Question: I’ve always loved the idea of living in a historic home? Which, if any, things should I consider before purchasing one?
Many historic homes offer a level of craftsmanship, character and charm that’s not always found in more modern homes. Depending on whether or not the home has been renovated and how it was done, historic homes often have solid hardwood floors, beautiful “seeded” window panes, extensive wood trim on the interior, eye-catching staircases, multiple fireplaces and, sometimes, original claw-foot tubs. In the case of historic homes in downtown Wilmington, you’ll also enjoy the convenience of being within walking distance of some of Wilmington best restaurants, entertainment and shopping.
But, many historic homes, especially those in a downtown area, are often missing features and amenities that are popular today.
Ask yourself: how important is a walk-in closet? They are uncommon in historic homes. In fact, some of them have no bedroom closets. Instead, clothes are kept in armoires. Are you okay with having the master bedroom upstairs? Keep in mind, it’s possible the master bedroom may not have an en suite bath, as most older homes were built with just one bath to serve all the bedrooms. How important is an open floor plan? Typically, historic homes have well-defined rooms, with a formal sitting area and formal dining area. Can you live without a garage and no off-street parking? Keep in mind these homes were built in the days of horse and buggy.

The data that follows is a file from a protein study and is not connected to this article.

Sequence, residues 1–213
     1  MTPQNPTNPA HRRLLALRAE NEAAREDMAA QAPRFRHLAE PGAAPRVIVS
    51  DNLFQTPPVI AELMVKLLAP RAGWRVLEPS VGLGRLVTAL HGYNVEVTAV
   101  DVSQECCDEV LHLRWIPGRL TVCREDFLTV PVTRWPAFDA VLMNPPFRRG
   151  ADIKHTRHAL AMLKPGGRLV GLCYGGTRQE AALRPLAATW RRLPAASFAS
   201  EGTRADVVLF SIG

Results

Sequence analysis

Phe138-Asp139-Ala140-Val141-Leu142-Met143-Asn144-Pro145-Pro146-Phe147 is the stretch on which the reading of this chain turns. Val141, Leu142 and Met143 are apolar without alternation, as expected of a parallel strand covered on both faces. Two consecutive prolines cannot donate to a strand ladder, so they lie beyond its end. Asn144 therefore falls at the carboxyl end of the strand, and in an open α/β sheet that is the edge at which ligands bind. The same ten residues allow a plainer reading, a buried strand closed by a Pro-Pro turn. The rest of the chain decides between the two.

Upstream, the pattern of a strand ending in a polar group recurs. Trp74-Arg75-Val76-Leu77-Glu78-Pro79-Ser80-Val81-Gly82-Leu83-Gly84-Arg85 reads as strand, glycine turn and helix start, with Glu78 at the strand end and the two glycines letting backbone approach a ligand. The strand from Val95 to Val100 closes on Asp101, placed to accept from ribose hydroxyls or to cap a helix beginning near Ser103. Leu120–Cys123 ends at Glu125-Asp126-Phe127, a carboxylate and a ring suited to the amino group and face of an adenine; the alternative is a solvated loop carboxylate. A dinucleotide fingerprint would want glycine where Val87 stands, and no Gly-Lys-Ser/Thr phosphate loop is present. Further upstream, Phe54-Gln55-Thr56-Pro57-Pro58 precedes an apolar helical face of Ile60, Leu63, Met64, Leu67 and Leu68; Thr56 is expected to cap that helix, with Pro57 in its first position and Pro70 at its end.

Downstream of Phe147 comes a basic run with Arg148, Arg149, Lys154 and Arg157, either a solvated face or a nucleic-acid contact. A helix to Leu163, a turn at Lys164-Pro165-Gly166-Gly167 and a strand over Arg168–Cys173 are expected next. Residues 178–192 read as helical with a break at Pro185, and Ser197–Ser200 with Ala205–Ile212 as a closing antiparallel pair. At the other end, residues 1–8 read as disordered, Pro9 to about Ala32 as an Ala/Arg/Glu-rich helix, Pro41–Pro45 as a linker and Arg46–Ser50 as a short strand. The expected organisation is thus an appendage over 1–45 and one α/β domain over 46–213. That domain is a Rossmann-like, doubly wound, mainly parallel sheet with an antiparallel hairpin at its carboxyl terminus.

That doesn’t mean all historic homes are without these amenities. It’s quite possible to find homes that have undergone major renovations to add bathrooms and update plumbing; create more closet space; and “open up” the main living rooms.
Depending on your budget and your willingness to do or not do renovation work, you can find homes in varying conditions. When evaluating a historic home, it’s important to know whether or not the electrical system, plumbing system, and heating/cooling system have been updated. If so, how long ago was the work done and does it meet current safety codes? For instance, some older homes may still have aluminum wiring. If so, it may be really hard to get financing or insurance. A home inspector and licensed professionals such as electricians, plumbers, masons, roofers, HVAC contractors, and structural engineers are essential to help you understand the state and condition of the home.
One last point to consider is the specific location of the historic home. Is it within the boundaries of the city’s designated historic districts? Homes that are in these specially recognized areas benefit from rules and regulations that require owners to adhere to practices that will preserve and protect the character of their older home. However, if you have dreams of tearing things apart (especially exterior elements) and improving the home with new siding, windows, doors, and/or a roof, keep in mind you will be required to get those changes approved before you start the work. If you skip the step, hoping no one will notice, you may face steeps fines and be required to restore the house to the condition it was in before you started to work your magic.
For more details on Wilmington’s Historic Commission rules check out this brochure 645775. COW Historic District